Children\'s Suggestibility and Memory. Primary Reference. Malloy & Quas (2009) Children’s Suggestibility: Areas of Consensus and Controversy. In K. Kuehnle & M. Connel (Eds.), The Evaluation of Child Sexual Abuse Allegations (pp. 267-297). Wiley . . What is suggestibility?.
Presidential Politics 2008!
A 4-year-old boy and his 2-year-old sister debate who would be the best president
The interview excerpts that follow demonstrate highly suggestive and leading questioning.
However, the preschooler that was being interviewed was NOT a highly suggestible preschooler!
Q Did Kelly have hair? [referring to privates]
A Nah, I know ‘cause it’s grown ups . . . I know about that.
Q So I guess that means you saw her private parts, huh? Did Kelly ask the kids to look at her private parts, or to kiss her private part or . . .
A I didn’t really do that . . . I didn’t even do that.
Q But she made you.
Q Did it smell good? (referring to Kelly’s privates)
Q Her private parts?
A I don’t know.
Q Did it taste good? Did it taste like chocolate?
A Ha, ha. No, I didn’t even do it . . .
Q You Wee Care kids seem so scared of her.
A I wasn’t. I’m not even. . .
Q But while you were there, were you real scared?
A I don’t know.
Q What was so frightening about her, what was so scary about her?
A I don’t know. Why don’t you ask her?
YES. Some children are suggestible—at least under certain circumstances
Adults are, too—but generally less so than children under 10 or 11
Ceci et al. (2007). Unwarranted assumptions about children’s testimonial accuracy. Annual Review of Clinical Psychology.
“Yes/no” and Multiple Choice Questions
Example: Assume that the child previously told the interviewer that Roger touched her pee-pee, but she has never alleged that Roger did anything else to her . . .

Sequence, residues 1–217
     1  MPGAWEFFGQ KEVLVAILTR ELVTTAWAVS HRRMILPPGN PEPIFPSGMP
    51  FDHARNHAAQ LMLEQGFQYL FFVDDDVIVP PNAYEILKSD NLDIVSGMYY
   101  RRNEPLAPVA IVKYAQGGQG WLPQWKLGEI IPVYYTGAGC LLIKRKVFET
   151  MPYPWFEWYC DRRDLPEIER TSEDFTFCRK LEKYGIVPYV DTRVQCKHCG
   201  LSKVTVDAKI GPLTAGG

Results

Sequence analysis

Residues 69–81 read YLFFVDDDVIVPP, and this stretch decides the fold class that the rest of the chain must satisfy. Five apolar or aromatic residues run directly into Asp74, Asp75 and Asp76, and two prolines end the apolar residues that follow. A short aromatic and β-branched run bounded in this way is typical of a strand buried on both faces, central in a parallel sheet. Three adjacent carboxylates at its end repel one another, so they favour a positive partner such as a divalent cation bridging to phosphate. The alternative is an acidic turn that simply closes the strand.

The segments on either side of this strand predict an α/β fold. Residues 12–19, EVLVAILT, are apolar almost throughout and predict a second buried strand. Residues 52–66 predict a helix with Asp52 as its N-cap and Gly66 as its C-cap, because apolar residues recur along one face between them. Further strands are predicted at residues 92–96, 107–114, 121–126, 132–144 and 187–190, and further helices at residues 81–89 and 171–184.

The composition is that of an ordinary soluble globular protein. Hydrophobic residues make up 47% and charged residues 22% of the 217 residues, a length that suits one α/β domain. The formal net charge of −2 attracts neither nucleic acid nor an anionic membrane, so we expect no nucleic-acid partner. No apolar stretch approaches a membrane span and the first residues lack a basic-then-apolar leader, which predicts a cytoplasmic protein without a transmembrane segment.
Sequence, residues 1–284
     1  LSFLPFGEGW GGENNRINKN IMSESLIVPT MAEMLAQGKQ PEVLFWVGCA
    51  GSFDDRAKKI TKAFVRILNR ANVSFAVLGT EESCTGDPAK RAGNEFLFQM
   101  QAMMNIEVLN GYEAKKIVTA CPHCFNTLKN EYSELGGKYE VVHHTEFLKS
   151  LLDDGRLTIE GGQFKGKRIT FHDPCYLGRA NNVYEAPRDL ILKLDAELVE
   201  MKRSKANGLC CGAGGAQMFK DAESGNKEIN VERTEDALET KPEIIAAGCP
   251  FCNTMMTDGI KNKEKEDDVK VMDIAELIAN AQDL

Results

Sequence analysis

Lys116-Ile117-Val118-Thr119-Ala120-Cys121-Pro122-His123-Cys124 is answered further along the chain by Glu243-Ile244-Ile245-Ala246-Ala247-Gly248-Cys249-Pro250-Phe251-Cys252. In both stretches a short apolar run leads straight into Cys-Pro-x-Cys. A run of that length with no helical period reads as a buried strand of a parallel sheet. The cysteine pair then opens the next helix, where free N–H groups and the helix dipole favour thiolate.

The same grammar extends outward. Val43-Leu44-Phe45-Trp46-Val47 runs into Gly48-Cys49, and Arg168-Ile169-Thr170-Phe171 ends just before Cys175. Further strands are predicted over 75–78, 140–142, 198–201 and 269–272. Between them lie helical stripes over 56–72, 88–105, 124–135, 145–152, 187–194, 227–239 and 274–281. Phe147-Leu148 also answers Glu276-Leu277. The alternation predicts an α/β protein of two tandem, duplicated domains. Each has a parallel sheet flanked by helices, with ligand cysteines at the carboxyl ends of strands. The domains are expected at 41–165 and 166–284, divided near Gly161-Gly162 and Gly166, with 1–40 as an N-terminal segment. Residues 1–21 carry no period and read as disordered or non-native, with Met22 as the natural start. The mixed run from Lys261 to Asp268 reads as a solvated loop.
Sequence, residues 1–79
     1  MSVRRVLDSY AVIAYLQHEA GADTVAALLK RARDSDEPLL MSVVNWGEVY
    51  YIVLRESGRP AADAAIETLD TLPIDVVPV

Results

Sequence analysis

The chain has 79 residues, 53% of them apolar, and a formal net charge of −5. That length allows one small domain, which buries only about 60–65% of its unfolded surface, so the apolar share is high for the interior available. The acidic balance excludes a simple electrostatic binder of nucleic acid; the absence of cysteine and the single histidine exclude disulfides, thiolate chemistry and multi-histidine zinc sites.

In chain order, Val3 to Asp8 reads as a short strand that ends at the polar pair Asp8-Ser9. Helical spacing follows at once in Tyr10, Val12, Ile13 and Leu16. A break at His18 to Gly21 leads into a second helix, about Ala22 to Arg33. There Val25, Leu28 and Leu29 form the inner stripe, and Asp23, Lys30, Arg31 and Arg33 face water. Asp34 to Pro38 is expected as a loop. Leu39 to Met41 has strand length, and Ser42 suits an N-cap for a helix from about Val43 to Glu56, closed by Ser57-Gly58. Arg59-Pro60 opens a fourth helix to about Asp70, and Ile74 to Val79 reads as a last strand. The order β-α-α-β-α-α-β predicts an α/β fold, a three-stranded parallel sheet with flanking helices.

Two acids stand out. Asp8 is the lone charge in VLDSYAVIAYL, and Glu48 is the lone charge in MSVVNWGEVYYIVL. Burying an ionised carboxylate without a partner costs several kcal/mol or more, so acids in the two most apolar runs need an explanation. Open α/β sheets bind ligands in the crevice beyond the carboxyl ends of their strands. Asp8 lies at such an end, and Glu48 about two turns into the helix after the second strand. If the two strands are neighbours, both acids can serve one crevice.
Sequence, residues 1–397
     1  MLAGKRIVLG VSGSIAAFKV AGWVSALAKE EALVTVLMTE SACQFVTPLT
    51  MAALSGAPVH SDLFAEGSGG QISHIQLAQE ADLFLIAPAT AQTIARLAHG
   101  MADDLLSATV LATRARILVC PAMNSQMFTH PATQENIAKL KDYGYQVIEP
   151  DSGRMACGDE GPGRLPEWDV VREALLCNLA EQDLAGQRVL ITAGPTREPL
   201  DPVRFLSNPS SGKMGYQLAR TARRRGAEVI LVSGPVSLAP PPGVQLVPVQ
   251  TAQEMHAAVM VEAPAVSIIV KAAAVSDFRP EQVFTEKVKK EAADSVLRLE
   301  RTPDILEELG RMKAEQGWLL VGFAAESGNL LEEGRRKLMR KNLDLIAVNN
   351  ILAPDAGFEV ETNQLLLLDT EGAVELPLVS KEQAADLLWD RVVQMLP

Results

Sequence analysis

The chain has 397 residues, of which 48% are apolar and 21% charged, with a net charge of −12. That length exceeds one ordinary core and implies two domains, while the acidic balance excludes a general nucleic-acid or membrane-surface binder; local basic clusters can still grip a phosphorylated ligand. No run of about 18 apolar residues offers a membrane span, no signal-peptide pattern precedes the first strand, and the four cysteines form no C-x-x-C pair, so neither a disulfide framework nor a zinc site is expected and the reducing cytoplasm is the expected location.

Did Roger lick your pee-pee, too? (Yes/no)
Were you in your bedroom or in Roger’s room when Roger touched your pee-pee? (Multiple choice)
In general, about one-third of the questions asked by forensic interviewers are option-posing questions
Only about 6% of CSA investigators’ questions are open-ended invitations (i.e., “Tell me more about that”)
This is true even though children’s responses to open-ended questions are generally far more accurate!
Q Did anyone touch your pee pee?
Q. Well, take a guess
“Pretend this doll is you and pretend that doll is your uncle; and show me what they might do together”
3 & 4 year-olds
72%“SAM STONE” STUDYPercent of children assenting to false allegations after 7-10 weeks of leading interviews:
When children said they did not know who ripped the book or got the teddy bear dirty, they were asked:
“Who might have ripped the book/gotten the teddy bear dirty?”
Kids are not required to tell the truth in all situations, i.e., playing games, telling stories, casual conversations
Kid’s don’t assume that telling the truth is important in all situations
“Of the 3- and 4-year-olds who were not exposed to repetitive and highly leading questions or stereotypes about the ‘offender,’ and who were not asked to “guess” answers, 90% were still accurate after three months.”
Told about non-events
Shown pictures of non-events
Encouraged to “think real hard” about and visualize these non-events and what it would be like to experience them
Repeatedly asked (leading) questions about the non-events
Bruck et al. (1995). Anatomically detailed dolls do not facilitate preschoolers’ reports of a pediatric examination involving genital touching. Journal of Experimental Psychology: Applied